My mirror isn’t accurate it tells a convenient lie my masculinity in question clothing that makes me hide inside i love him dearly details are kept quiet stares from his girl- searing the soul of my pride she knows not who i am retreat my benefactor performs when shes around my gosh im a good actor until such time that we can kick it be real with our thoughts i’ll continue to long quietly Quiet in my thoughts
About me:Nia Mora is a Harlem based poet and writer. she’s come undone is Nia’s debut poetry collection. Nia holds an MA in Creative Writing but credits her 8th grade English teacher, David Ivesoli and high school creative writing teacher, Francine Witte for turning her into a professional. In addition to birthing books, Nia is the mother of two girls and the wife of one husband.
About my writing: My body of work is much like the city I come from good vibes that intersect with breaks, sharp turns, yet there is a softness to it like the sun setting over the Hudson. There are rises and falls like the hills of Harlem. I write about what I feel and the things that need to heal in me and in you.
#GenreFam: I learned about Genre on Instagram just seeing a post someone shared and then I started following Genre. I submitted and now I’m here!
I decided I wanted to be a writer at four. Fell in love with poetry after reading a June Jordan poem, “Alla Thas’ All Right” so much so that I never returned the anthology– it was featured in the library. Fast Forward to me writing poetry throughout high school and college, doing readings, hosting shows, and all of that and then I stopped. I just stopped for 10 years and returned again April of 2018. Now my debut collection of poetry, she’s come undone is about to be released and I’m in Genre (yay).
I am most excited about performing in the historic Bowery Poetry Club. Back in high school, I wrote a poem that a friend of mine still talks about and performing at a place like the Bowery, so I would be living a dream I wrote down for myself 20 years ago. I am happy that despite the fact I abandoned my dream it never abandoned me.
Genre: Urban Arts will be at Bowery Poetry in NYC October 28th, 2018, 6- 7:30 pm. We will have spoken-word, live music, and other performance arts. Click the button to purchase tickets.
My True Colors Festival in association with Harlem 2020 present Grace Jones: Bloodlight and Bami. This electrifying journey through the public and private worlds of mega-icon Grace Jones contrasts musical sequences with intimate personal footage. Sophie Fiennes’s documentary goes beyond the traditional music biography, offering a portrait as stylish and unconventional as the larger-than-life, androgynous glam-pop culture diva.
Join us for a pre-screening Cocktail Hour plus a post-screening Book Signing and Panel Discussion: “The Power of Black Style On Fashion and Culture Worldwide” with industry experts, including Essence Editor-At-Large Mikki Taylor, Fashion Bomb Daily Founder and leading style blogger Claire Sulmers, legendary black supermodel Pat Cleveland, and Christian Ruart, a renown fashion guru and celebrity stylist who discovered and worked with models like Tyra Banks, Tyson Beckford, Naomi Campbell, and Claudia Schiffer. Join us for an insightful conversation led by My True Colors Co-Founder and Executive Producer Tai Chunn on the ins and outs of black style, its important contribution to fashion and its influence on culture worldwide. The panel also will discuss the industry influence of Grace Jones. While Beyoncé and Rihanna are among today’s major style icons, Grace Jones remains one of the most referenced fashion icons of all time.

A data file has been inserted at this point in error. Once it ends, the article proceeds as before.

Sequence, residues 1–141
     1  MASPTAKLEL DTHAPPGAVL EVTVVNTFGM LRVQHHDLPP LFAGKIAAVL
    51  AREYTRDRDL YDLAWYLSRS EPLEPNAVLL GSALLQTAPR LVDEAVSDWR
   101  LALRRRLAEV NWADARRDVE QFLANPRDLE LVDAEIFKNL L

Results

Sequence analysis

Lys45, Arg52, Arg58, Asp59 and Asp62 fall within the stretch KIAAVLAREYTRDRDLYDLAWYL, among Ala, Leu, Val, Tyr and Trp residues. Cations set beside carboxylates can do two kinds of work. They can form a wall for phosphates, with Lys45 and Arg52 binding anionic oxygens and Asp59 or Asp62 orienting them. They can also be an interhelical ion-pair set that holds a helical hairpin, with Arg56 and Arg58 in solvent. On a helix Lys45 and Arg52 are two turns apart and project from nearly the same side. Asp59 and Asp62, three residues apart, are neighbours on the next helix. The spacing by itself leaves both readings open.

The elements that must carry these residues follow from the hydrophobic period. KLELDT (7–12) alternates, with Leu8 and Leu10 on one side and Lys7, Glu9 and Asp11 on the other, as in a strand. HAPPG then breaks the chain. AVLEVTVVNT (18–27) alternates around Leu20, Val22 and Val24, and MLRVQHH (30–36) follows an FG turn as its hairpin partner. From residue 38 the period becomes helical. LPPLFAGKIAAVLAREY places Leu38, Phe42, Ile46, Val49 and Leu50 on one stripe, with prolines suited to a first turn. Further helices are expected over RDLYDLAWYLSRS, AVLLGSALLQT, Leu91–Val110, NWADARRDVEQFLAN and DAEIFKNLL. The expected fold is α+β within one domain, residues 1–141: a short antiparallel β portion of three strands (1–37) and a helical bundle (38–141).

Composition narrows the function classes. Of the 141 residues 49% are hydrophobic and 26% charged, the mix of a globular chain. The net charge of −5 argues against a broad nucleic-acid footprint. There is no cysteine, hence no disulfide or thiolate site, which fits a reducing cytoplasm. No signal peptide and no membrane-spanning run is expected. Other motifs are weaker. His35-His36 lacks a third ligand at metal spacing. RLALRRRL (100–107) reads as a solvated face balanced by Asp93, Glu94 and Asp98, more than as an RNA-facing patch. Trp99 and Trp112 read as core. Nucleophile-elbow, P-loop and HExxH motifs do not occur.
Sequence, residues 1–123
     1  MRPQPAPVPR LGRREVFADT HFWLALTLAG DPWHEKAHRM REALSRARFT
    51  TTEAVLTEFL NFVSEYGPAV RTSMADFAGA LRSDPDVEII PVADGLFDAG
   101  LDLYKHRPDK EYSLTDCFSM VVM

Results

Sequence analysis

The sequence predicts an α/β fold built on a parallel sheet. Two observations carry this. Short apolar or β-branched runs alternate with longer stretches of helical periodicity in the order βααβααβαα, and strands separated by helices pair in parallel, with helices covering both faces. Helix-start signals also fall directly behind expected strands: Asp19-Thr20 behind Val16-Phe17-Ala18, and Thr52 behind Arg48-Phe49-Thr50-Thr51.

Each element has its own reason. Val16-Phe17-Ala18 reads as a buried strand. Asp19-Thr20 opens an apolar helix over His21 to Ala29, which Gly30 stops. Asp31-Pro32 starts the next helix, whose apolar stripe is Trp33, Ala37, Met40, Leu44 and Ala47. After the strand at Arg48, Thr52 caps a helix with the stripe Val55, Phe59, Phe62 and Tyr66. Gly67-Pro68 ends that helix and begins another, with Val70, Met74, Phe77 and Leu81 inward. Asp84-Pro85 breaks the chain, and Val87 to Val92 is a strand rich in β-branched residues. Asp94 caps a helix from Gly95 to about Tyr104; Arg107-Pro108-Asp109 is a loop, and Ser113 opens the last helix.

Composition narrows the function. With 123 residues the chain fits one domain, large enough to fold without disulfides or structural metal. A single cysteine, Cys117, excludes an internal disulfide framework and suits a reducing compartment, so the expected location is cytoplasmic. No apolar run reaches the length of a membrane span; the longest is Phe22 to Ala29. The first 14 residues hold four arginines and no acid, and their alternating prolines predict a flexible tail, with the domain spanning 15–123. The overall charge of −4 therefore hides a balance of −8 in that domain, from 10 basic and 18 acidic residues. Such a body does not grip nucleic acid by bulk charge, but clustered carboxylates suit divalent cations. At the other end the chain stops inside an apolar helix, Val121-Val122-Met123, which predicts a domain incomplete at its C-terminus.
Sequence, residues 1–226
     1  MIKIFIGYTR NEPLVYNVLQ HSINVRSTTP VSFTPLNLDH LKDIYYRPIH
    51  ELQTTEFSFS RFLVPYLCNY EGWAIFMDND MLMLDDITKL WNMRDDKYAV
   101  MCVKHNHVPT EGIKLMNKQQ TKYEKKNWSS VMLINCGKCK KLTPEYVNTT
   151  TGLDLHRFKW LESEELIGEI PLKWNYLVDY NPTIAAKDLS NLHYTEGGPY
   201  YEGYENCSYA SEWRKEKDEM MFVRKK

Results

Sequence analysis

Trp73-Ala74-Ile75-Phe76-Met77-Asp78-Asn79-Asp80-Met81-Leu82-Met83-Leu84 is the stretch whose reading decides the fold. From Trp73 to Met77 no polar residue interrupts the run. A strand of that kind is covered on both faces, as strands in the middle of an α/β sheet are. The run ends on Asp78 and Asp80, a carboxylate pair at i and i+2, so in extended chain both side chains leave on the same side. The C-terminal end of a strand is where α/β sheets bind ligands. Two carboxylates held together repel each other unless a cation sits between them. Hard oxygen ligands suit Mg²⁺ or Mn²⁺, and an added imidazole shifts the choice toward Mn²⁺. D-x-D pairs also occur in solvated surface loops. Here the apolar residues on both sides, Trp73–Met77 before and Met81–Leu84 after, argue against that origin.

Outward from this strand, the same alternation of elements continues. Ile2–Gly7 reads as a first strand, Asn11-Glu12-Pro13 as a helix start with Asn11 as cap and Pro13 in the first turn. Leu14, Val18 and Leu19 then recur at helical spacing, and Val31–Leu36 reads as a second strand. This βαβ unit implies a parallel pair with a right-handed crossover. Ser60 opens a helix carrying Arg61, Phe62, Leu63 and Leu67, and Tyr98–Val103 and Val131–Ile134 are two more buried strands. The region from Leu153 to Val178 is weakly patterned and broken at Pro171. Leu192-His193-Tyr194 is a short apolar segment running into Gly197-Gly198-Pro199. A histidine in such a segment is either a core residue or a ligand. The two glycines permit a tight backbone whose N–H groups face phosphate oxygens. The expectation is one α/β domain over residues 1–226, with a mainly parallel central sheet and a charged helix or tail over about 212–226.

Mikki Taylor will be on hand to sign her book, Editor in Chic: How to Style and Be Your Most Empowered Self, shares uplifting advice for women who want to cultivate their beauty both inside and out. As will Claire Sulmers, whose book The Bomb Life: My Brand. My Terms, is part memoir, part self-help with tips for aspiring bloggers;
and Pat Cleveland, whose memoir Walking With The Muses covers fifty years of fashion from the intersection of the Civil Rights Movement, the disco era’s decadence, and the grandeur of Hollywood’s late 70s renaissance
Film Running Time: 116 Minutes
Cocktail Hour begins at 6:00pm in the Media Gallery;
Film Screening starts 7:00pm in the Screening Room
The easiest way to break
silence is with sirens.
Lights cutting through blackness
like bullets exiting guns.
That slow, cocked reflex.
That quick draw. That lack
of regret. That dawn rising,
masking any sense of mourning.
Scraping and rubbing
On colophon corner and verso
Dedication corner and verso
Creaking forest growth
Tress groaning under the pressure
Of the other
God talked to Moses about rolling
Mud dolls to life through the burning
Bush of a smoking-hot redhead.
Fire, volcanic mixing Darwin stirring
Soup, meat stock brew boiling minerals
From soil into fish into monkey into me.
Both too stubborn in belief to see
creation, evolution have more than similarities.
How do you tell her she’s too loud when you’ve silenced her for Centuries?
Too strong, when she has to work light years ahead of you just to catch up?
Too violent, with your scars etched Into her back?
Too dark, when your spirit is composed of ashes from her ancestors?
Too wild. Too real. Too raw.
That must be why you can only rise if she falls.
I wonder what the winds are like
at Cuba’s four thousand foot peaks.
Is there a space-age drone, military grade,
that can hover at the top like a gull
gliding into the jet stream, stationary,
peering down to let us see the 155 mph winds
sharpen the granite ridge to razor edge?